What to Read Next (No. 198): the effects of time
The cliches about time and its effects are endless. In our modern world, there seems to be more and more urgency to get things done. Our lives are consumed with to-do lists and overdue tasks in Asana or Todoist or Trello.
And yet, it’s been proven again and again that modern Americans have far more free time than they think they do. We just fill that free time with so much other stuff that it doesn’t feel free.
Both books featured here this week address that conundrum, albeit in very different ways.
Let’s get to it.
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Four Thousand Weeks by Oliver Burkeman
Published: 2021 | Pages: 245
Though this book contains the phrase “Time Management” in its subtitle (something added by the publisher to make it more searchable on Amazon, no doubt), Four Thousand Weeks is far less about productivity and far more about making the most of our finite time here on Earth (which averages—you guessed it—about four thousand weeks long).
Burkeman, a longtime productivity writer, has concluded that your to-do list will never get done. Let that sink in.
Your to-do list will never get done.
You will always add things to do. It’s just the nature of life. So, you might as well stop striving for the finality of to-do list completeness.
Instead, spend time really thinking about the things you can say no to.
Yes, you need to figure out how to live productively—hold a job, pay your bills, get plenty accomplished, all that jazz. But the real meat of it, the point of living, is to enjoy yourself, be present in every moment, and spend your precious time doing things that make you feel fulfilled.
Thankfully, Burkeman does not equate this to a life of ease. One of the most thoughtful questions he calls readers to ask themselves is, “Where in your life or your work are you currently pursuing comfort, when what's called for is a little discomfort?” (The book is loaded with probing questions like this.)
Part philosophy, part how-to, part motivational ass-kicker, Four Thousand Weeks is one of the most memorable, impactful books I’ve read this year.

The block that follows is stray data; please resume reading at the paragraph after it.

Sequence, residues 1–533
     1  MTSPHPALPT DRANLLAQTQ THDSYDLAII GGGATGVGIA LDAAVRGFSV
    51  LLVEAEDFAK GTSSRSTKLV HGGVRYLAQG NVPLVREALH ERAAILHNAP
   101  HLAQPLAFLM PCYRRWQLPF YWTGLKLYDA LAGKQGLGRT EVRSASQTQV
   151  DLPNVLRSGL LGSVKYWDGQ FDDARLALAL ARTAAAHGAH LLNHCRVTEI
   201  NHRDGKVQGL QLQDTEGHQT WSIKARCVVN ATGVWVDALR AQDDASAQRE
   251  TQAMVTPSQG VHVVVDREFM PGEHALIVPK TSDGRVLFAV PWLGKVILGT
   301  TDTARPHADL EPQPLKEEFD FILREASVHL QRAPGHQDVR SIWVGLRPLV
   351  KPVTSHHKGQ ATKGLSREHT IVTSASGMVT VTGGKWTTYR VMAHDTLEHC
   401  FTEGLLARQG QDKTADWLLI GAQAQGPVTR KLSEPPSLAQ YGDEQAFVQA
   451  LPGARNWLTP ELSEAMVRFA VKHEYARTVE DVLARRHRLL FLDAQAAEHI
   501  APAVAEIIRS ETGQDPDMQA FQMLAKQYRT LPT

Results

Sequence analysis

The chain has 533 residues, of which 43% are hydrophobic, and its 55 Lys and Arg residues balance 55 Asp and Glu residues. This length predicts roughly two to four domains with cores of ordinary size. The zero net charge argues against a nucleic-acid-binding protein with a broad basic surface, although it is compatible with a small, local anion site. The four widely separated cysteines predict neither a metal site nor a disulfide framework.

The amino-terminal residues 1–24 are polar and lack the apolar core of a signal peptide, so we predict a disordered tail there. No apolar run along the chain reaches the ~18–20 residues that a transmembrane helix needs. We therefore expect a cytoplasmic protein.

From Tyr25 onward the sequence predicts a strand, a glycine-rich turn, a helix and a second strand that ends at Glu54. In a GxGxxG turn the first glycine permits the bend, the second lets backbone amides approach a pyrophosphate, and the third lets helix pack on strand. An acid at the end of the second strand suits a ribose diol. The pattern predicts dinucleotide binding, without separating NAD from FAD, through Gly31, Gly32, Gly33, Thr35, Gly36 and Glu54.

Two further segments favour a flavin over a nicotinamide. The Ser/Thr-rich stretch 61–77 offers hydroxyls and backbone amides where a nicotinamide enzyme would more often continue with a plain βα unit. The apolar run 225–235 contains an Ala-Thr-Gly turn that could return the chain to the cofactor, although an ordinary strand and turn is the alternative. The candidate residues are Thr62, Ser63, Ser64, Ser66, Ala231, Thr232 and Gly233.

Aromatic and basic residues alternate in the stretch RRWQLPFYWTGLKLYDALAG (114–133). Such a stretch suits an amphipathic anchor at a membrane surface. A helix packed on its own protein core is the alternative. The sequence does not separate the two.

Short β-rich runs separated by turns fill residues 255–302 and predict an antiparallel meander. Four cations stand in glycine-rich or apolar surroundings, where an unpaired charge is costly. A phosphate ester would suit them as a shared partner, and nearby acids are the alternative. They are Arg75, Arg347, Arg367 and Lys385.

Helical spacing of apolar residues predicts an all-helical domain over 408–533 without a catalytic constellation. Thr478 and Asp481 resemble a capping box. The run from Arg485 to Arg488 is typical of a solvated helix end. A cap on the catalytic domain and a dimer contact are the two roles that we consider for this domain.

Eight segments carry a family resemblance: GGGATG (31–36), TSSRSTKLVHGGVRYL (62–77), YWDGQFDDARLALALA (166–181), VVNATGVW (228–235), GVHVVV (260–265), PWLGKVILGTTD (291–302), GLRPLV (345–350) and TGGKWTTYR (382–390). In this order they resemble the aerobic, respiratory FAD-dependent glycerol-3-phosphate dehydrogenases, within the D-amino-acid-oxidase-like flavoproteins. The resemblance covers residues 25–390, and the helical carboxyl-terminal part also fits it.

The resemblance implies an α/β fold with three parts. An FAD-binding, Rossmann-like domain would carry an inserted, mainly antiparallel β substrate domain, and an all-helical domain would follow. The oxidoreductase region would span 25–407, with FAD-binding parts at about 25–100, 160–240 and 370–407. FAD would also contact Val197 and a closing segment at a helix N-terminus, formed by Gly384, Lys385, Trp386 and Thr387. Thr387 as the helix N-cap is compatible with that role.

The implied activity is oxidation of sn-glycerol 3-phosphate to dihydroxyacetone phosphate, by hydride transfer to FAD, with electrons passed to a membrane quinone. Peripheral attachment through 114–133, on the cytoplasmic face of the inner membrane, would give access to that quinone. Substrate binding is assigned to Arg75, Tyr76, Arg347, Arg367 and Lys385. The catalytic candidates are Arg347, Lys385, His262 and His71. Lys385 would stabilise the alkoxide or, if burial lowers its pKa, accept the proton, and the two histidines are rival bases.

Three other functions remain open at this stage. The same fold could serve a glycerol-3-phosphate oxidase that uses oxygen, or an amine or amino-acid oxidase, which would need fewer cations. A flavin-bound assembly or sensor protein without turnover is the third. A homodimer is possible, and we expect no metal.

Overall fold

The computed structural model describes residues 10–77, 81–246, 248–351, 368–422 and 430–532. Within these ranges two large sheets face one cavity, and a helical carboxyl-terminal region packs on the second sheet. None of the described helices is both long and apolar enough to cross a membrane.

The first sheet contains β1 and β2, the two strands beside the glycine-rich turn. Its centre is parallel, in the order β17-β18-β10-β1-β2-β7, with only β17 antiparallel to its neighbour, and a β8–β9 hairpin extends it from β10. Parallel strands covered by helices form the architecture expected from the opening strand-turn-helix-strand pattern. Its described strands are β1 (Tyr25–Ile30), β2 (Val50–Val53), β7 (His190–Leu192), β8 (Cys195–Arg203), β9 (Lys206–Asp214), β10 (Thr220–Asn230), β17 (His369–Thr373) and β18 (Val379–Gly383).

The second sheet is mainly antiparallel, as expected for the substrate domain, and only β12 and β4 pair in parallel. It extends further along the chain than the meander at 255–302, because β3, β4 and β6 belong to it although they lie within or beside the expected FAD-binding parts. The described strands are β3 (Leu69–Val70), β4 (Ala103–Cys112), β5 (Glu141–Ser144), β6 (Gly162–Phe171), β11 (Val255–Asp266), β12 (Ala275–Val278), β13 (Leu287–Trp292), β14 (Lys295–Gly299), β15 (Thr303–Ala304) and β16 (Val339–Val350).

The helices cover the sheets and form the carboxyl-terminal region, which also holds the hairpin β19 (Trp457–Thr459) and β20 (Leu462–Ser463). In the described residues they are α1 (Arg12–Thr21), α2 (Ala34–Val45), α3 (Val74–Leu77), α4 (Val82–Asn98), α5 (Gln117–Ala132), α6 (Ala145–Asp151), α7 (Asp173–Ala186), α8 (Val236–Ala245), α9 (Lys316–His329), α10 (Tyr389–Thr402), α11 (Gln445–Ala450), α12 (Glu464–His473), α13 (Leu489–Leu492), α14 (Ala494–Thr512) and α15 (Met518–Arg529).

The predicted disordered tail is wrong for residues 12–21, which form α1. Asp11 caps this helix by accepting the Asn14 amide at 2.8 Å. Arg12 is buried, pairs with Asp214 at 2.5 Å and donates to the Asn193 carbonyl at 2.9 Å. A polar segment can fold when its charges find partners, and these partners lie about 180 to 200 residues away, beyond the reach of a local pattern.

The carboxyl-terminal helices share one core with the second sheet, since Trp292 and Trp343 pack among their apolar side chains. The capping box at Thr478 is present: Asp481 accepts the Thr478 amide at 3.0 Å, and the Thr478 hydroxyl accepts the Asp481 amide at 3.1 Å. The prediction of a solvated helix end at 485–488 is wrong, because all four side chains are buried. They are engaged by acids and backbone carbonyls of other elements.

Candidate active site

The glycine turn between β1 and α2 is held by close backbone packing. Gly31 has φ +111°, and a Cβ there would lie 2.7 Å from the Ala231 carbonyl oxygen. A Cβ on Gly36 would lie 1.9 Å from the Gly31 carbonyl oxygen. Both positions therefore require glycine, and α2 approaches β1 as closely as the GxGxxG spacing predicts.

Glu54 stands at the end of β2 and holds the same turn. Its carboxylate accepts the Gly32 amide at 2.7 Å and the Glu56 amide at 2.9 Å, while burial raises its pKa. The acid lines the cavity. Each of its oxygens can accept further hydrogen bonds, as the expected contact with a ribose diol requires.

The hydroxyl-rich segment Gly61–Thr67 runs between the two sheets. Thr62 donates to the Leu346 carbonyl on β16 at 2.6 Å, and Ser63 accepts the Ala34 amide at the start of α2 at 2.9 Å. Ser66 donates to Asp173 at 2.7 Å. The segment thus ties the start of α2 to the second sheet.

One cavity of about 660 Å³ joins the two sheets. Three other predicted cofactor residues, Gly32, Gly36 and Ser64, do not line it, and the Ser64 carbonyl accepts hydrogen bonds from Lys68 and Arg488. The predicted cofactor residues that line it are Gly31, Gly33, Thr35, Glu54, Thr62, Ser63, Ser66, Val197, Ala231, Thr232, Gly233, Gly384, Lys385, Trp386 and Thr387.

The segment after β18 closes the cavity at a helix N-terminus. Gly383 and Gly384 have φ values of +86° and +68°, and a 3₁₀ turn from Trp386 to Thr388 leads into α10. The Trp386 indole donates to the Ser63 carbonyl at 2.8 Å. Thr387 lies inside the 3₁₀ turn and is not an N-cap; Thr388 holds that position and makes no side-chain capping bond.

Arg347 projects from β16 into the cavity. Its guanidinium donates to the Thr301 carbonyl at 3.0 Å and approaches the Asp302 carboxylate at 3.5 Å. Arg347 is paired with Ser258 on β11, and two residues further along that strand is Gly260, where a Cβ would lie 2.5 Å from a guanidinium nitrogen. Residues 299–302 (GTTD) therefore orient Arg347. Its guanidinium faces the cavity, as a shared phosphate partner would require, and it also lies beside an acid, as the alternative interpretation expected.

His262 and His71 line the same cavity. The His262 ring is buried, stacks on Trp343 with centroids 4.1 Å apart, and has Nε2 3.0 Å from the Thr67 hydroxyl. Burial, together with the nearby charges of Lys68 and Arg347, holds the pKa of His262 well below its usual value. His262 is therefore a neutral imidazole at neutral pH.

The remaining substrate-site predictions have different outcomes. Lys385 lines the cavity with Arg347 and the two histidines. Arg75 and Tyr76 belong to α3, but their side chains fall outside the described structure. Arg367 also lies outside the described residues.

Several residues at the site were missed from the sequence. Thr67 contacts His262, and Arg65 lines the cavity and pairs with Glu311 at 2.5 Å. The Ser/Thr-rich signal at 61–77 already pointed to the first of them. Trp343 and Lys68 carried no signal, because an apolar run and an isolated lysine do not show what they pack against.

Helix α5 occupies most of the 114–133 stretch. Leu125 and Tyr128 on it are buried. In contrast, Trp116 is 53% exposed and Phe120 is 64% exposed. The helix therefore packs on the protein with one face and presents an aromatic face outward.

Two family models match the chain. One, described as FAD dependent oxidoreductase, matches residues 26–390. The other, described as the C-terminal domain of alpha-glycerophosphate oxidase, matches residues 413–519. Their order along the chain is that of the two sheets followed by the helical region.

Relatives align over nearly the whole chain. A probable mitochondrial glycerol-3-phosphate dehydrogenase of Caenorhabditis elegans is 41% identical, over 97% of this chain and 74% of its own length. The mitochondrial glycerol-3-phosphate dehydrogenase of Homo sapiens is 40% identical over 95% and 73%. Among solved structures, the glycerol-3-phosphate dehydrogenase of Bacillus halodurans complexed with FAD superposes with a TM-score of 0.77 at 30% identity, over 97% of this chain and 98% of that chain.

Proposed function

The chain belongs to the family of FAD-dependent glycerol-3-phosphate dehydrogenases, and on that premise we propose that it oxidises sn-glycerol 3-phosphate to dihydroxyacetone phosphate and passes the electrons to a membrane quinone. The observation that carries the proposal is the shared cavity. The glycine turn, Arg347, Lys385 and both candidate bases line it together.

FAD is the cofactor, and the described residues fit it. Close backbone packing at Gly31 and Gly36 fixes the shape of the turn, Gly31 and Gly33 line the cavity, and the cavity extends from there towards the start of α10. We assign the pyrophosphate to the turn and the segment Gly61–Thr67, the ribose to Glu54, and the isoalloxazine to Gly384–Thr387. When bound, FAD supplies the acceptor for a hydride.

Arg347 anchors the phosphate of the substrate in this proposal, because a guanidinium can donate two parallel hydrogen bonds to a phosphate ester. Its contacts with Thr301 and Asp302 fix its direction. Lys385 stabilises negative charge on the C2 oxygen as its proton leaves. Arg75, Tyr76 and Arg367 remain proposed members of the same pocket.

The Invisible Life of Addie Larue by V. E. Schwab
Published: 2020 | Pages: 448
Just as plenty of authors explore time with the help of science and research, novelists the world over explore time with their vivid imaginations. The Midnight Library (check out my review), A Wrinkle in Time (check out my review), Kindred (check out my review), and more.
Go ahead and add Addie Larue to that line of mind-bending, genre-crossing, time-expanding novels.
The Colorado Cocktail and Literary Society read this one in October; though our final reviews were a little mixed, we were all utterly entranced by the premise:
“France, 1714: in a moment of desperation, a young woman makes a Faustian bargain to live forever and is cursed to be forgotten by everyone she meets. . . . But everything changes when, after nearly 300 years, Addie stumbles across a young man in a hidden bookstore and he remembers her name.”
Schwab structures this book so that we’re going between long periods of time in Addie’s past (filled with romance, art, and drama in spades) and then short periods of time in the present (also filled with romance, art, and drama in spades). As a reader, it kept me on my toes, in a good way.
Though I didn’t love the ancillary characters, Addie ends up rather likable (she didn’t start that way, for me at least). And even though the ending was polarizing for our book club, the journey was largely agreed to be worth it. If nothing else, it provided some great discussion for the group.
What does time even mean when nobody can remember you—when you can’t leave a legacy or any sort of imprint on the world? Why does the simple act of remembrance imbue such meaning into our existence? Even after a few hundred years, what is it that makes life truly worth living?
These are questions that any book with a focus on time inevitably explores (or at least the good ones), whether in the real world or the made-up world.
Thanks for the time and inbox space—I sure appreciate it.